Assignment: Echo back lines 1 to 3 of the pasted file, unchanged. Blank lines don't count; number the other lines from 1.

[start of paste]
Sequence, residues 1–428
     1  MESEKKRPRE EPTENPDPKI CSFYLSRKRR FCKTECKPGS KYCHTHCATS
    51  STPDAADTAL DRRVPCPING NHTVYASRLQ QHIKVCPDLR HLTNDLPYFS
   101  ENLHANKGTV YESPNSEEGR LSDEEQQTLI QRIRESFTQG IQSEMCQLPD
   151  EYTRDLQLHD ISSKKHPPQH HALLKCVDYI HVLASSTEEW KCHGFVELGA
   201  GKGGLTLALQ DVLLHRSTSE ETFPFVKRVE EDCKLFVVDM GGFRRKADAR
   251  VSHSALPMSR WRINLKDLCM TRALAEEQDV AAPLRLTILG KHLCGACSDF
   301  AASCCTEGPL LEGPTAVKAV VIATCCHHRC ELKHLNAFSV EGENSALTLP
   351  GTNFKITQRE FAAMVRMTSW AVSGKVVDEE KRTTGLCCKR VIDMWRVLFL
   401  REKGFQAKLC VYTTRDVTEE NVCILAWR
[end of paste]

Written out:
Sequence, residues 1–428
     1  MESEKKRPRE EPTENPDPKI CSFYLSRKRR FCKTECKPGS KYCHTHCATS
    51  STPDAADTAL DRRVPCPING NHTVYASRLQ QHIKVCPDLR HLTNDLPYFS